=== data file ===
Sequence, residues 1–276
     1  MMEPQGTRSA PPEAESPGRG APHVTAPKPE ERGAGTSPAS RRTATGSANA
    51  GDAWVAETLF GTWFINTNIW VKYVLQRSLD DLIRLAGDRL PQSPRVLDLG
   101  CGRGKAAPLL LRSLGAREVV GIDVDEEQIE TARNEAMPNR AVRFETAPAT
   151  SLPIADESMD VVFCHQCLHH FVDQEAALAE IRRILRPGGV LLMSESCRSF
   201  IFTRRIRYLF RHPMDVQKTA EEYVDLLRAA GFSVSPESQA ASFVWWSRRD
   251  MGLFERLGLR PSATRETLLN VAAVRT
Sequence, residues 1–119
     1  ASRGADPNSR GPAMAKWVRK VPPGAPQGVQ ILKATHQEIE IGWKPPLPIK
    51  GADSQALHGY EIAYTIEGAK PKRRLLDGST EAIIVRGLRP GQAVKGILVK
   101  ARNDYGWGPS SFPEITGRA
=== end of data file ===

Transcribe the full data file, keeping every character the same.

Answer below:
Sequence, residues 1–276
     1  MMEPQGTRSA PPEAESPGRG APHVTAPKPE ERGAGTSPAS RRTATGSANA
    51  GDAWVAETLF GTWFINTNIW VKYVLQRSLD DLIRLAGDRL PQSPRVLDLG
   101  CGRGKAAPLL LRSLGAREVV GIDVDEEQIE TARNEAMPNR AVRFETAPAT
   151  SLPIADESMD VVFCHQCLHH FVDQEAALAE IRRILRPGGV LLMSESCRSF
   201  IFTRRIRYLF RHPMDVQKTA EEYVDLLRAA GFSVSPESQA ASFVWWSRRD
   251  MGLFERLGLR PSATRETLLN VAAVRT
Sequence, residues 1–119
     1  ASRGADPNSR GPAMAKWVRK VPPGAPQGVQ ILKATHQEIE IGWKPPLPIK
    51  GADSQALHGY EIAYTIEGAK PKRRLLDGST EAIIVRGLRP GQAVKGILVK
   101  ARNDYGWGPS SFPEITGRA